Haynes’ progress was swift; he made his debut in the Fulham midfield on Boxing Day 1952 aged just eighteen. The next season he missed just one game and scored a remarkable eighteen goals. The Fulham teams of the day under his aegis were regularly scoring one hundred goals or more a season. So good was the trio of Bobby Robson, Beddy Jezzard and Johnny Haynes that with the British transfer record at £34,000, First Division Newcastle United bid £60,000 for the three players, money unheard of at the time. Both Robson and Haynes were then still under twenty. Such was his prodigious talent that he won his first England cap at the age of nineteen as a Second Division player, scoring on his England debut. At this time, he was the first footballer ever to be capped by England at five different levels: Schoolboy, Youth, England Under-23, England ‘B’ team and the full England side. He continued to improve and became Fulham’s captain at the age of just twenty-one. Haynes could hit passes straight to a player’s foot from fifty yards, and was a hard-training perfectionist. He always tried for perfection and the lack of it from either himself or his human playing colleagues, led to many extravagant gestures and words of fury. Often these withering looks and icy words were commented upon almost as much as his play.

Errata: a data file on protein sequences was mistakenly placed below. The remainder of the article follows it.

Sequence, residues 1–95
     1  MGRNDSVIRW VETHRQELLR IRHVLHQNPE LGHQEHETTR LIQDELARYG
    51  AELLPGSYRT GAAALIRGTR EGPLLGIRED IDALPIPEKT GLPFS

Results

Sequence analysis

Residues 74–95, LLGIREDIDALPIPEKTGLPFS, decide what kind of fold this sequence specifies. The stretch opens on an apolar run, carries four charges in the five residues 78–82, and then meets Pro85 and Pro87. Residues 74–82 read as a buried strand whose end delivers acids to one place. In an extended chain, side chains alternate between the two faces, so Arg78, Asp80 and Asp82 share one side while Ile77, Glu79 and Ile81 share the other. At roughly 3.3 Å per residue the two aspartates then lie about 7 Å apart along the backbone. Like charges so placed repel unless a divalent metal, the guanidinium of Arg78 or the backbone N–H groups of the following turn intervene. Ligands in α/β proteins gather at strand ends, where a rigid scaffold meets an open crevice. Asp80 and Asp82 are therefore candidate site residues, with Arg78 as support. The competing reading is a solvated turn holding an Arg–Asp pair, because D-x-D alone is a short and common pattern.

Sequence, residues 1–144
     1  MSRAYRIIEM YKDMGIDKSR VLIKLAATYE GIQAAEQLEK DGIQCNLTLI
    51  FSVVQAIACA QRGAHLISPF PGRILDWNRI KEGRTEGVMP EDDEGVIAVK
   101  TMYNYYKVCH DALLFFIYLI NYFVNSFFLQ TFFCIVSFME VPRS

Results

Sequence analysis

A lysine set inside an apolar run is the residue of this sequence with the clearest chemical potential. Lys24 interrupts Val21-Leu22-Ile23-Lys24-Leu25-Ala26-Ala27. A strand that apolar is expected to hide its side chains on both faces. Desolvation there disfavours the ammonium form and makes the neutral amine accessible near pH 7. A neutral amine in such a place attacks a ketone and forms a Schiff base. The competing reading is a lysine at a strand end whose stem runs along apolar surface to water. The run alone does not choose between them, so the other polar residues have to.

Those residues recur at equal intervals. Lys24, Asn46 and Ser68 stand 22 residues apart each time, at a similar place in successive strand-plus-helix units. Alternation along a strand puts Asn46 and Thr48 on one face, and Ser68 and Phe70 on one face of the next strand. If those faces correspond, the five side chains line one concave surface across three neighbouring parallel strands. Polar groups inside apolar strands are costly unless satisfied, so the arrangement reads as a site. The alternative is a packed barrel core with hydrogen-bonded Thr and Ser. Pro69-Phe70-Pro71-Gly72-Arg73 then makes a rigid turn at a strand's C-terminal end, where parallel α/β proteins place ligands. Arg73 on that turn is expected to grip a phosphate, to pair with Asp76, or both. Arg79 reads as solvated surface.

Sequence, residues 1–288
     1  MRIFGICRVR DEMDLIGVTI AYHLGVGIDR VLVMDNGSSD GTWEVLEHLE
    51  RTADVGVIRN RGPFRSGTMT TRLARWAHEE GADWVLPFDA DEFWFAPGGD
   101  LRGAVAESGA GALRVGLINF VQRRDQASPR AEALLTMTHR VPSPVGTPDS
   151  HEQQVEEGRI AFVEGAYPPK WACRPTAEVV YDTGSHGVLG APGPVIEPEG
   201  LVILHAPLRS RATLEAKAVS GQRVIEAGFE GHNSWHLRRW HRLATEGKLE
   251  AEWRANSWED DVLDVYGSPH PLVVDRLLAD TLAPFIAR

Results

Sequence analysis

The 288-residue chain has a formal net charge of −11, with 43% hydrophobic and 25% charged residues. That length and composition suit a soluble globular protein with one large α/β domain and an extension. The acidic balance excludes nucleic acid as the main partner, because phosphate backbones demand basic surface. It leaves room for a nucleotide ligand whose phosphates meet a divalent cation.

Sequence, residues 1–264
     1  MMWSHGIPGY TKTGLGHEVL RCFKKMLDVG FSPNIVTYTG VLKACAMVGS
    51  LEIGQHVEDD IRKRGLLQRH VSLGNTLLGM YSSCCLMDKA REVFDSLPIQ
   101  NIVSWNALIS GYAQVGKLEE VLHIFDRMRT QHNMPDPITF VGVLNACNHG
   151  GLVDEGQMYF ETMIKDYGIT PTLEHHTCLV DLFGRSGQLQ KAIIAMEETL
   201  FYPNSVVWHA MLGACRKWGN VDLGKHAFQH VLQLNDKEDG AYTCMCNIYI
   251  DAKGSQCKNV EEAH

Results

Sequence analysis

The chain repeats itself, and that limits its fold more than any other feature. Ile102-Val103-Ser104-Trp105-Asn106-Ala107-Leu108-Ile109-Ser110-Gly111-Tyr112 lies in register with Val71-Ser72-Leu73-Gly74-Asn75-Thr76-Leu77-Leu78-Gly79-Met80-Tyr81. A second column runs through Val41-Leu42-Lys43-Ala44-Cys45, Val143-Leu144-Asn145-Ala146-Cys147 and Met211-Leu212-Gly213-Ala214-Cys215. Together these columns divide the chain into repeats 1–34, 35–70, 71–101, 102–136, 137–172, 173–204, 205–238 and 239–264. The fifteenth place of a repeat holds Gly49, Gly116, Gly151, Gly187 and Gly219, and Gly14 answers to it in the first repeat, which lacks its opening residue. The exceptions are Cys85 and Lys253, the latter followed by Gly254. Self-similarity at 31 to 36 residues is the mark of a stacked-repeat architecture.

Paradoxically away from the football pitch, Johnny Haynes was nothing like the firebrand on it, polite, courteous and quite shy. And whilst he enjoyed the company of sportsmen and film stars, he lived at home with his parents, had few female friends and was a notoriously private man. As he grew more famous, the handsome Haynes initially made history by being the first footballer to have an agent; he secured many lucrative commercial deals, the most famous of these being the successor to cricketer Denis Compton as the ‘Brylcreem Boy’, his face was regularly emblazoned on TVs, buses and hoardings. He was also a soccer visionary and could see the future in sponsorship and television, and often spoke out about the lack of forward thinking in English football, especially about balls, pitches and the crammed fixture list. There was of course a north-south divide. He was adored in the south, but often reviled in the north. Despite these polarised opinions, Haynes remained the England manager’s kingpin and Walter Winterbottom always picked him.